With intentionality and creativity you may find ways to consolidate your lists or move through them with ease and speed, moving through those with greatest priority to those with less. This would free up yourself for new opportunities throughout the day. And you wouldn’t feel bogged down by slodging along through these lists the entire day or stressed from ignoring them.

Don Dalrymple

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As work relentlessly gets democratized, it’s hard for people to get formal training that was once consolidated within large industrial companies. The internet does continually grow with knowledge and content and this should suffice to educate everyone. But it’s hard to make sense of all the information or put it into strategies that make an impact.

Knowledge work demands that we move information and make decisions quickly. While everyone is not officially titled as an executive, we have to make decisions efficiently.

There’s a lot written on creating big visions, mission statements and developing strategies. But there is something even more foundational that should be part of any good executive’s daily ritual. It is a critical daily habit that allows for extreme leverage across projects. It is the habit of list management.

Managing Across Your Lists

Think about how many logins you have. You have a login for your email…

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Make Good Deals So We Don’t Hate Each Other

Deal-making is inherent to all businesses.

You make deals every step of the way – with your software providers, landlord, vendors, customers, partners – just to name a few.

Every relationship offers you the opportunity to “win” or “lose.” Ideally, everybody wins. But getting to that ideal is tricky, requiring masterful skill and clarity.

Here are a few things to keep in mind in order to make sure you set up good agreements that benefit both yourself and the others involved, in order to enjoy long-term success.

Don Dalrymple

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I have always said,

“Good agreements make for great relationships. Bad agreements make for bad relationships.”

And having done many deals over many years, I can see where I have had a profitable and fun relationship when there are explicit expectations. And when there has been innuendo or ambiguity, relationships suffer because there is not a good agreement.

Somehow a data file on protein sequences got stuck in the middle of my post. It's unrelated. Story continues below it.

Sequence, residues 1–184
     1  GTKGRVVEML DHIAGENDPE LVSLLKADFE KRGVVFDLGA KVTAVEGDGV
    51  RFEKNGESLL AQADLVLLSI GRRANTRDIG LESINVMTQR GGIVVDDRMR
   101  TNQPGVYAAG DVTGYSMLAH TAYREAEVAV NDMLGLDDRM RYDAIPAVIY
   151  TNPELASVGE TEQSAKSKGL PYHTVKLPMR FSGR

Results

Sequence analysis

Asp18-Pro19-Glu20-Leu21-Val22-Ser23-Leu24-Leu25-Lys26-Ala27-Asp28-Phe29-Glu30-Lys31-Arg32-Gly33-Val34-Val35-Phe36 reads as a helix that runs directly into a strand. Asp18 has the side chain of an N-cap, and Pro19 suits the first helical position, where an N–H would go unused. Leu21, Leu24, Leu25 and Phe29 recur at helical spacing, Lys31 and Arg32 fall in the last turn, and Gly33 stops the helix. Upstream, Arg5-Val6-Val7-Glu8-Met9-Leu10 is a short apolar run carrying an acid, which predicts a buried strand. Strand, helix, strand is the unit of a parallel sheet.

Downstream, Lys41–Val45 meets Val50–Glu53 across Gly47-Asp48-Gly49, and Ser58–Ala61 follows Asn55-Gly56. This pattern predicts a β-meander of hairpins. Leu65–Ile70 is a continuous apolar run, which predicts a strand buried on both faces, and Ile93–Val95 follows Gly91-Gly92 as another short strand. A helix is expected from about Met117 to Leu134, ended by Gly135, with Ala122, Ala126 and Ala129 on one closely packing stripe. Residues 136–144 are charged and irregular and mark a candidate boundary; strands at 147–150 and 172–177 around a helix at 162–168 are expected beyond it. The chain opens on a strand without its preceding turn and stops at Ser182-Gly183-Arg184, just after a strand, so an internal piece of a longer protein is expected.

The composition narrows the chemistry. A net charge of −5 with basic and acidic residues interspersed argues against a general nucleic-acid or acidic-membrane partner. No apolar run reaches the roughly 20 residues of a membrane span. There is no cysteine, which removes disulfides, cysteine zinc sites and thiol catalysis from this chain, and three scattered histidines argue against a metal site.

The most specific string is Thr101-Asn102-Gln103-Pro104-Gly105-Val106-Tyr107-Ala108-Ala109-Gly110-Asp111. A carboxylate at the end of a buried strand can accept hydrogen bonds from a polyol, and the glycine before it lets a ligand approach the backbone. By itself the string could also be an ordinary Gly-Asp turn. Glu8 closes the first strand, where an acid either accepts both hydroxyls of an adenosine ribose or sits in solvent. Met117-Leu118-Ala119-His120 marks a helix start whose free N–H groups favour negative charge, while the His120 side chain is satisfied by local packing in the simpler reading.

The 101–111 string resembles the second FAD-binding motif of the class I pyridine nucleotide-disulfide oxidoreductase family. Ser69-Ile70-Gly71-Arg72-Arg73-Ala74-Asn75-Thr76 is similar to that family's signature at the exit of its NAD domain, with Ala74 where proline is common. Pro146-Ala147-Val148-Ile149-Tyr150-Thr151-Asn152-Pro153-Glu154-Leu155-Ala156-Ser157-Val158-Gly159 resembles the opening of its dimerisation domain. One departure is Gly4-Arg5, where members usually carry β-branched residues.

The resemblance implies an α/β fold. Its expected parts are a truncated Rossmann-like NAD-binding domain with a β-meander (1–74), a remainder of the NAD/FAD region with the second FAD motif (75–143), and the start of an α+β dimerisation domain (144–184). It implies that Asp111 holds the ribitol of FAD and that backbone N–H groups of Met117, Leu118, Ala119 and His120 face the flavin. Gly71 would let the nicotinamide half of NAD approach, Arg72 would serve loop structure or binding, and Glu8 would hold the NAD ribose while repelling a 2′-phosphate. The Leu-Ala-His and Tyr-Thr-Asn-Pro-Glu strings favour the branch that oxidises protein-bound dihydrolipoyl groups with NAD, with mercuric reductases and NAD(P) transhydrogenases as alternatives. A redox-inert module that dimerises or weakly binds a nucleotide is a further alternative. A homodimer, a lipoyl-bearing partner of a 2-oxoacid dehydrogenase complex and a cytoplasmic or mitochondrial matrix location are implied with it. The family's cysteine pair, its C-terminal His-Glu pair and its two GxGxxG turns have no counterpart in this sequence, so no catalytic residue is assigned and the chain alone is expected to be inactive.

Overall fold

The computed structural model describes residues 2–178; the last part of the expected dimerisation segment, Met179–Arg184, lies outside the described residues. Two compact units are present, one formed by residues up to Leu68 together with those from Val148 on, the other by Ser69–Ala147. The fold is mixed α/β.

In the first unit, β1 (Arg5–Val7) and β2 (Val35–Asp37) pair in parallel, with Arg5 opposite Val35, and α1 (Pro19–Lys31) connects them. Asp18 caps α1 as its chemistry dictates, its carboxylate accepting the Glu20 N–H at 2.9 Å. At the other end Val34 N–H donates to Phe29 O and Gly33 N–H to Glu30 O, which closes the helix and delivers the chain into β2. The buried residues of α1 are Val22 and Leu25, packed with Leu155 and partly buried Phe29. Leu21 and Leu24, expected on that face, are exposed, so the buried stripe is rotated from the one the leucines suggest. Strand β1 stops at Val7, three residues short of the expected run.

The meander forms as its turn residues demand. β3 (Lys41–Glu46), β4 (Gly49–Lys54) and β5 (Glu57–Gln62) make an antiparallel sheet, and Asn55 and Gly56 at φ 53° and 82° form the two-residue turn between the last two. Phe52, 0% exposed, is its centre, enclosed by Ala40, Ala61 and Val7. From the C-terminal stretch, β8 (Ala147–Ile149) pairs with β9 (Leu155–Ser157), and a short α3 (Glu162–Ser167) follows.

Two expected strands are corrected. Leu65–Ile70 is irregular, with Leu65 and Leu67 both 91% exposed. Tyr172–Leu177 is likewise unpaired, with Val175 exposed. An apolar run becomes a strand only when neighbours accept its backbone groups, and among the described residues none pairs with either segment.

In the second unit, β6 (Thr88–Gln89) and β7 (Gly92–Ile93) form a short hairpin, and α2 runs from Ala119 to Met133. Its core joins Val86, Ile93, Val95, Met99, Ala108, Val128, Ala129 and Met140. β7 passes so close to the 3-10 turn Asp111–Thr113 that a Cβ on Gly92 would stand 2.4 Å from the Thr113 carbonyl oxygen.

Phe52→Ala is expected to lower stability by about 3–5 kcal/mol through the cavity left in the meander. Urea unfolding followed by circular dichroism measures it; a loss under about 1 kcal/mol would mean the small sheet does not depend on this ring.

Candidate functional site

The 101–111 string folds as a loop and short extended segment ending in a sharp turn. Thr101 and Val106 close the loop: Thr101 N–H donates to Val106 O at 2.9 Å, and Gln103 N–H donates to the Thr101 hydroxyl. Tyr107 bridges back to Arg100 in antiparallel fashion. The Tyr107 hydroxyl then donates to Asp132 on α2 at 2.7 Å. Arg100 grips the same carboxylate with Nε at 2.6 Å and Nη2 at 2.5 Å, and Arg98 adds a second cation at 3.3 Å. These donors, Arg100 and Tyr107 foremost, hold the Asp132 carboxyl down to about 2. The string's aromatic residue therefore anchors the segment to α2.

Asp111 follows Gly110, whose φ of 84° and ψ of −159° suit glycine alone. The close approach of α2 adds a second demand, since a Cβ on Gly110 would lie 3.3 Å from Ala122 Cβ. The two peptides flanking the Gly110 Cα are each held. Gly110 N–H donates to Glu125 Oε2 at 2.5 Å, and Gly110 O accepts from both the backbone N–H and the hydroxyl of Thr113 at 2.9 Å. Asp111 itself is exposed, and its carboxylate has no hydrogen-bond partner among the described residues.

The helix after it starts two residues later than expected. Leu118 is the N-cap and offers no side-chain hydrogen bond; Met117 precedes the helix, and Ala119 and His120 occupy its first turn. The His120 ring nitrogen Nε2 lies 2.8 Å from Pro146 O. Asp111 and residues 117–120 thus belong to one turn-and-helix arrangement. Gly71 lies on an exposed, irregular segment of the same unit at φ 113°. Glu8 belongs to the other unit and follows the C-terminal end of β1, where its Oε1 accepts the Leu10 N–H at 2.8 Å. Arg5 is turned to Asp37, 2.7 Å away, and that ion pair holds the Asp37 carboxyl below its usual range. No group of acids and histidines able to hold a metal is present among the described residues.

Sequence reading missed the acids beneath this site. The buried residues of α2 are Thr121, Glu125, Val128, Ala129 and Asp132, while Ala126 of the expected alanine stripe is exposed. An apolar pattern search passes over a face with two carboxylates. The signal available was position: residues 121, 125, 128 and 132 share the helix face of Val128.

There are a lot of reasons bad deals happen. Sometimes it’s out of laziness on one or both parties. Other times, goodwill. I have made many of the mistakes and I am not one to keep repeating a script that doesn’t work. I want great relationships and have a lot of fun at it. Sure, there’s opportunities for making money, but I also enjoy people and life. Life’s too short to miss the fun.

So, if you’re like me and want to avoid the mess of unmet expectations or resentments that follow…

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Fooled by the Law of Diminishing Returns

Is more always better?

We all know the answer to that. But the trickier question is, “WHEN is more actually not better?” As our businesses grow, it’s easy to get pulled into adopting more systems, adding in more headcount, scheduling more events, developing more products.

At what point do these things start to have a diminishing return in revenue? Don offers a few key questions to ask yourself when you are considering doing more.

Don Dalrymple

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At some point, the effort and cost are not worth it anymore. The Law of Diminishing Returns kicks in when building a business or even building a life. More investment of your time, money and attention may initially have high returns, but then at some point, the rewards taper.

Will more efficiency make a large impact on your revenue?

How many more relationships start to become a liability to manage rather than pure enjoyment?

Does more money create more happiness after a certain point? They say $75K is that point of diminishing return from research studies.

Sometimes, I can’t find the motivation to do more. Perhaps, that law of diminishing return is instinctive and I’m only responding. Or experience simply shows me that more does not equal better. In fact, more may mean cost.

I see it with business owners that add more headcount and find more headaches or layers of management…